Few respond to RCIPS survey
A public survey conducted on the Royal Cayman Islands Police Service late last year found 70 per cent of local residents surveyed were dissatisfied to some degree with police efforts in reducing crime.
The poll recorded responses to an on-line survey taken in by a local auditing firm late last year. It was unclear by press time if results from written copies of the survey had been included in the report given to the Caymanian Compass.
About 71 per cent of those who took the on-line survey said they were dissatisfied with the police service’s ability to keep the public informed about what it was doing to tackle crime and anti-social behaviour issues.
A complete copy of the survey was released to the Caymanian Compass under the Freedom of Information Law.
Although the survey results are generally not good news from a police point of view, it is also not certain whether enough people participated to make the findings statistically valid.
According to calculations by the Deloitte audit firm, some 381 surveys would have been required to provide a statistically accurate sampling of the Cayman Islands population. The actual number of valid surveys received was 282.
The survey was conducted between 12 November, 2010, and 3 December, 2010.
Other areas of the survey indicating a poor view of the RCIPS included one question that indicated 68 per cent of respondents were not satisfied the RCIPS deals with the issues that “matter most to the people of the Cayman Islands”.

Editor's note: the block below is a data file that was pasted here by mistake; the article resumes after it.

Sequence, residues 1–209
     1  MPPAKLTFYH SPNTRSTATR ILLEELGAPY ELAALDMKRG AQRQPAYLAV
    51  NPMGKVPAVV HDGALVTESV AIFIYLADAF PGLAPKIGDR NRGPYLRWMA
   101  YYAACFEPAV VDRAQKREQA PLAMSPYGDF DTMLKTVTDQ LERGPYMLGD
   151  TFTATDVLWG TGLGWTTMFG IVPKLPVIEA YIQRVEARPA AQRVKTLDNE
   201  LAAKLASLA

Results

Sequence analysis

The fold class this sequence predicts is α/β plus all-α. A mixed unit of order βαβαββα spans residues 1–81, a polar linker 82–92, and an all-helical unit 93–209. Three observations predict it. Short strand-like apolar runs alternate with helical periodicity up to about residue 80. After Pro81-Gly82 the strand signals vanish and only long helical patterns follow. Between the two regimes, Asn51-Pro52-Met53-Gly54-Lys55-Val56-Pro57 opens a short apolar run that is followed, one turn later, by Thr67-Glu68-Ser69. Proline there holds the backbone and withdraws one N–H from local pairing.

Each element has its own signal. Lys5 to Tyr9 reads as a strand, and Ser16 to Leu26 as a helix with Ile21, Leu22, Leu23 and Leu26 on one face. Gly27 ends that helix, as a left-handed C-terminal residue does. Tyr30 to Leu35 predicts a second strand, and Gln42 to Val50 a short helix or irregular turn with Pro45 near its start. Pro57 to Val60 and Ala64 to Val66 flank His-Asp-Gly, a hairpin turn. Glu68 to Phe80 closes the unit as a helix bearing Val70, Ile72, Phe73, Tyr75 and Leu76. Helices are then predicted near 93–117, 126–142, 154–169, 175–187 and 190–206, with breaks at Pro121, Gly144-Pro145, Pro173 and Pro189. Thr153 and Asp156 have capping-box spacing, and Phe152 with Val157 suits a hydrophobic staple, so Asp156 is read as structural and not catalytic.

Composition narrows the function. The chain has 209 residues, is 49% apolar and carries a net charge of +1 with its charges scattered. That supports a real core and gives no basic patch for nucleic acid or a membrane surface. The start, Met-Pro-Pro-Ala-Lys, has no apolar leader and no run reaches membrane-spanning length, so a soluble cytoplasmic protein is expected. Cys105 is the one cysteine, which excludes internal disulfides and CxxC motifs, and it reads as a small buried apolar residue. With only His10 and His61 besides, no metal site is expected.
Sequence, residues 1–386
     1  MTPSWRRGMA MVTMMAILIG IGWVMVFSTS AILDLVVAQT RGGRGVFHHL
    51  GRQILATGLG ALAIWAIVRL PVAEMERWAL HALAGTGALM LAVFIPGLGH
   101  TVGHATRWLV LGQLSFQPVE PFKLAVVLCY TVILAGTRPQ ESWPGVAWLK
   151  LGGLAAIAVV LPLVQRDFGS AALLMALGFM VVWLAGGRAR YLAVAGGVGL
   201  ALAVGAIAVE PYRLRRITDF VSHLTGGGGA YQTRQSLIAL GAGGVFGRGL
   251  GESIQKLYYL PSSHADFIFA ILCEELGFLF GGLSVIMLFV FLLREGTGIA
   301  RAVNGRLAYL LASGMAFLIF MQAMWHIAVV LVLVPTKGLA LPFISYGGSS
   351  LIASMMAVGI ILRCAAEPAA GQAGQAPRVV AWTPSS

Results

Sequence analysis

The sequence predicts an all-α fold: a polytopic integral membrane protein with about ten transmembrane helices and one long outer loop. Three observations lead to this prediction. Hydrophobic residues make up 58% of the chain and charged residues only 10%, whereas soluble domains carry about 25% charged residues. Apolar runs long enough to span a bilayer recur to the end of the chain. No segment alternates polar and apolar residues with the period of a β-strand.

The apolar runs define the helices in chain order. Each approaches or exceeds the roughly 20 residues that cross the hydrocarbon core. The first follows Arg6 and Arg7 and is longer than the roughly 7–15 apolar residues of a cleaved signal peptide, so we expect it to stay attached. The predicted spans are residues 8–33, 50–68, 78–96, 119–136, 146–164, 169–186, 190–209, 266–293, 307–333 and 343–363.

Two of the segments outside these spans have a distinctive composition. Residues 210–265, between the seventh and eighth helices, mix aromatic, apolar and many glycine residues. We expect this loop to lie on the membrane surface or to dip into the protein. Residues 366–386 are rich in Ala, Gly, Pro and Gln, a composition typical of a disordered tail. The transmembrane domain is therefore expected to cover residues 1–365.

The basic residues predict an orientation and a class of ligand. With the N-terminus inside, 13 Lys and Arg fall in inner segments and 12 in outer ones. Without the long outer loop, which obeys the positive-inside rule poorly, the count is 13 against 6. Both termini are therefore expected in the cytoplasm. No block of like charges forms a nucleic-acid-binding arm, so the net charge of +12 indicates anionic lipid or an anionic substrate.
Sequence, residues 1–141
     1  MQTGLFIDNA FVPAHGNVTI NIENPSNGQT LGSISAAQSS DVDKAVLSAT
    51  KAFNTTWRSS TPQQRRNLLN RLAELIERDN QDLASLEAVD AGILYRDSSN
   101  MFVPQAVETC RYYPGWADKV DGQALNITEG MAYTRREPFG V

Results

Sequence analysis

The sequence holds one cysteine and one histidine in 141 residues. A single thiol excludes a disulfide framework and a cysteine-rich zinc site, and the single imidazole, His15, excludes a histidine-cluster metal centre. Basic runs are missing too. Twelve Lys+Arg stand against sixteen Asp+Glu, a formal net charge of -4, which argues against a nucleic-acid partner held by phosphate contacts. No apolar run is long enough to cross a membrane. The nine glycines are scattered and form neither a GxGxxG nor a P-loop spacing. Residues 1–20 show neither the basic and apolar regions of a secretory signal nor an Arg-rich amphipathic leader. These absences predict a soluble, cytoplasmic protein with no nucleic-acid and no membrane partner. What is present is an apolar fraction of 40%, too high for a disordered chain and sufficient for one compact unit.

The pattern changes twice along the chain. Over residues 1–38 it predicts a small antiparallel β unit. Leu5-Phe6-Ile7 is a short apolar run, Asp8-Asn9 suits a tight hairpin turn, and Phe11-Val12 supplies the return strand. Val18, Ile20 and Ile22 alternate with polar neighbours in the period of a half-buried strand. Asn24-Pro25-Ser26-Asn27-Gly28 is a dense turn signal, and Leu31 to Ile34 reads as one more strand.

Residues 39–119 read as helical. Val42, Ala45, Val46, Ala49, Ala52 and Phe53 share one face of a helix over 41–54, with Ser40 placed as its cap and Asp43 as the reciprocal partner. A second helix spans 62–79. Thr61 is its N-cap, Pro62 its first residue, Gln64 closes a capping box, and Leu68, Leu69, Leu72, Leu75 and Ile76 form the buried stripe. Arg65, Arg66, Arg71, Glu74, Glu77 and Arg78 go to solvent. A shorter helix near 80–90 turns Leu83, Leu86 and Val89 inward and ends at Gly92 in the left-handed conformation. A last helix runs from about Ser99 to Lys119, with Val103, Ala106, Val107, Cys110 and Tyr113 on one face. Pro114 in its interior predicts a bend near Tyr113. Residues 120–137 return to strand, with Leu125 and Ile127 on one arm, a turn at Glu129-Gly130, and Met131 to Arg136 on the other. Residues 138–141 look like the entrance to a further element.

In terms of dealing with the public, the survey found 60 per cent of respondents were dissatisfied with the level of friendliness, politeness and willingness to help displayed by RCIPS representatives. Sixty-four per cent of respondents were not satisfied that police respond “quickly and with a sense of urgency” to issues; 68 per cent said they were not satisfied that police provide prompt feedback and information if delays in handling a situation are expected.
Also, 61 per cent of those who responded said they were not satisfied with the RCIPS’ ability to hold the public’s information in strict confidence.
It wasn’t all bad news for the police. About half the survey takers said they were satisfied with police safety when officers were required to respond to emergencies.
Meanwhile, 68 per cent of respondents indicated they were satisfied with the ease of contacting police if officers’ services were required.
On the question of whether individuals were treated fairly in their dealings with police, 55 per cent of those responding said they were not satisfied and 45 per cent said they were satisfied with how police treated them.
Sixty per cent of the survey respondents said they were not satisfied with RCIPS representatives’ level of knowledge when it comes to local legislation and procedures.
Of the 282 people who responded to the on-line police public assessment survey, 148 were female and 134 were male.
The majority of the survey takers fell between the ages of 26 and 45; only 13 people under age 18 took the survey.
About 54 per cent of the survey respondents classified themselves as professional workers, the next largest group of survey takers said they held administrative posts.